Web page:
Airlines Rush to Implement New Coronavirus Screening Protocols

By Anna Breuer on 3 February 2020
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New U.S. restrictions intended to combat the spread of the novel coronavirus on travel went into effect Sunday afternoon

The United States is barring any foreign national who has traveled to China in the past 14 days from entering the United States. The temporary rule exempts immediate family members of American citizens and permanent residents.  The regulations were put into place after Thursday’s declaration by the World Health Organization of a Public Health Emergency of International Concern.

The move has left airline employees scrambling to comply.  While U.S. carriers including American Airlines, Delta Air Lines, and United Airlines have suspended non-stop flights to and from China, it is still possible for someone to have traveled on another airline to an intermediate point before boarding a flight to the United States.

The U.S. Transportation Security Administration has told airlines with flights to the United States from other countries to screen all passengers before they board to determine if they have recently been in China.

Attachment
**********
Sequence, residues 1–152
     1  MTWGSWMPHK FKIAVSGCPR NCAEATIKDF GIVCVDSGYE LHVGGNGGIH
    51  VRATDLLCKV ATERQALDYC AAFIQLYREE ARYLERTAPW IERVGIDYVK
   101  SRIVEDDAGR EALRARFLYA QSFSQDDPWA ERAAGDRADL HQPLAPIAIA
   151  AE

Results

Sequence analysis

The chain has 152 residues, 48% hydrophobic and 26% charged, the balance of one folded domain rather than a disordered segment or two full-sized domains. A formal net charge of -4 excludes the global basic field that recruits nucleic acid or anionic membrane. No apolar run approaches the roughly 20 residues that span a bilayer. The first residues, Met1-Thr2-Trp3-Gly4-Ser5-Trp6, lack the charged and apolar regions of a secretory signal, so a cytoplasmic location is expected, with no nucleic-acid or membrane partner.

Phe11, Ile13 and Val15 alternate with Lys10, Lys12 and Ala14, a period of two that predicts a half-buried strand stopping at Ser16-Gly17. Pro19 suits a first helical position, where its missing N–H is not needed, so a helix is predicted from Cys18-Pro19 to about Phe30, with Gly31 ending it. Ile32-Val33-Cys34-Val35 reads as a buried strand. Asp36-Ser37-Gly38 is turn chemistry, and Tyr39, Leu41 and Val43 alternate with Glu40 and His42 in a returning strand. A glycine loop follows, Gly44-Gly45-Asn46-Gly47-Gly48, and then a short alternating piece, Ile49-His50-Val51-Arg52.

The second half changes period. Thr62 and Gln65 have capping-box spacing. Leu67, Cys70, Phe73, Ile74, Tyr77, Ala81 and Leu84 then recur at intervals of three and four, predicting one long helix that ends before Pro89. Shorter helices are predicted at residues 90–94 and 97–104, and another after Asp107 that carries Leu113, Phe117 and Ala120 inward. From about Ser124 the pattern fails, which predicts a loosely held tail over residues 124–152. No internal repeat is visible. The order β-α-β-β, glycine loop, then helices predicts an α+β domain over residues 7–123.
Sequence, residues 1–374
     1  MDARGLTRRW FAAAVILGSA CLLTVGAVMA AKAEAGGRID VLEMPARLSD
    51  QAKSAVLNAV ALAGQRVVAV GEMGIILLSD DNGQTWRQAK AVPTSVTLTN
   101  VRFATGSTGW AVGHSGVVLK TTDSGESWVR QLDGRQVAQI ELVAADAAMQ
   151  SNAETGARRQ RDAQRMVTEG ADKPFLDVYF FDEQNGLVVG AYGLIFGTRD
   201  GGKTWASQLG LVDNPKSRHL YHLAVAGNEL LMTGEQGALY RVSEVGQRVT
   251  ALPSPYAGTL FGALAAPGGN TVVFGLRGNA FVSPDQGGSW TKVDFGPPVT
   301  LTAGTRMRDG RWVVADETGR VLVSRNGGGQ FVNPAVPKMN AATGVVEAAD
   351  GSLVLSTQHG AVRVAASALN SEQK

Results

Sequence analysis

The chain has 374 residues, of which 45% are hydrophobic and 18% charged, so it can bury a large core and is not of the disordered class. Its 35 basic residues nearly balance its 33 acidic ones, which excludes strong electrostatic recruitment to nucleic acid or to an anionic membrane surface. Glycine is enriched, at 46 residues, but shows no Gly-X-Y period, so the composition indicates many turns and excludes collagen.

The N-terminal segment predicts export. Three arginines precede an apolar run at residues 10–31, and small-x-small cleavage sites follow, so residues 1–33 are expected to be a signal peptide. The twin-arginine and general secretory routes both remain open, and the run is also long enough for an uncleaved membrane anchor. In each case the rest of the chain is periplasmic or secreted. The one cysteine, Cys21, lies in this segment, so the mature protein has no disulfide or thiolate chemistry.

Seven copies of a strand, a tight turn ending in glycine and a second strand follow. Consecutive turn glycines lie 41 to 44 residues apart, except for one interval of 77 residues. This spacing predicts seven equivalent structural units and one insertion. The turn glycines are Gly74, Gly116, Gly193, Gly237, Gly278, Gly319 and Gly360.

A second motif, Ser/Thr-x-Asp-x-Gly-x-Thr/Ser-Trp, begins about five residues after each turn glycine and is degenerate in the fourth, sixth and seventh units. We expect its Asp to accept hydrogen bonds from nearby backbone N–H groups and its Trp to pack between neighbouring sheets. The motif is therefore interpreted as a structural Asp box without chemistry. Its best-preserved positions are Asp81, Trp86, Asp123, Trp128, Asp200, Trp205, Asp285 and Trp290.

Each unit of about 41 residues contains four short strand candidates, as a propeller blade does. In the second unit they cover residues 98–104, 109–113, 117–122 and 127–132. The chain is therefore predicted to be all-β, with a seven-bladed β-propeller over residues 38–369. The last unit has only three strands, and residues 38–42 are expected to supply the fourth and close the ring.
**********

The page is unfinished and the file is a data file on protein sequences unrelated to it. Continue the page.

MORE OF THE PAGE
Airlines are telling check-in and gate agents to question passengers about recent trips, look at passport exit or entry stamps, and check recent reservations to make a determination.  Agents won’t have to rely on passenger-provided information alone: they must also work with U.S. Customs and Border Protection.

The TSA, which has no involvement in screening U.S. bound international passengers, said it is “requiring carriers to enforce portions of the president’s proclamation that limit who may board a commercial aircraft destined for the United States.”

(Photo: Accura Media Group)

Accura News

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